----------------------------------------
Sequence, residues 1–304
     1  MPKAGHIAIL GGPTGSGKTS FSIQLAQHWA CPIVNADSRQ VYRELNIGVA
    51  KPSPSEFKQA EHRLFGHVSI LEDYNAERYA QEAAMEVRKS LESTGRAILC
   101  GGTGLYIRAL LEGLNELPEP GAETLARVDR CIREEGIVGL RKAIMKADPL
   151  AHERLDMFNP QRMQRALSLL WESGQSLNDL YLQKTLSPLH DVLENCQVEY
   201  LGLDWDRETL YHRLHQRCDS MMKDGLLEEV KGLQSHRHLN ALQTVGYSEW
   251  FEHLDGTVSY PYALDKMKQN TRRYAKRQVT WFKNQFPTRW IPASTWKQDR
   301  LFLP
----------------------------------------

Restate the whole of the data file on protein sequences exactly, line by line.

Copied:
Sequence, residues 1–304
     1  MPKAGHIAIL GGPTGSGKTS FSIQLAQHWA CPIVNADSRQ VYRELNIGVA
    51  KPSPSEFKQA EHRLFGHVSI LEDYNAERYA QEAAMEVRKS LESTGRAILC
   101  GGTGLYIRAL LEGLNELPEP GAETLARVDR CIREEGIVGL RKAIMKADPL
   151  AHERLDMFNP QRMQRALSLL WESGQSLNDL YLQKTLSPLH DVLENCQVEY
   201  LGLDWDRETL YHRLHQRCDS MMKDGLLEEV KGLQSHRHLN ALQTVGYSEW
   251  FEHLDGTVSY PYALDKMKQN TRRYAKRQVT WFKNQFPTRW IPASTWKQDR
   301  LFLP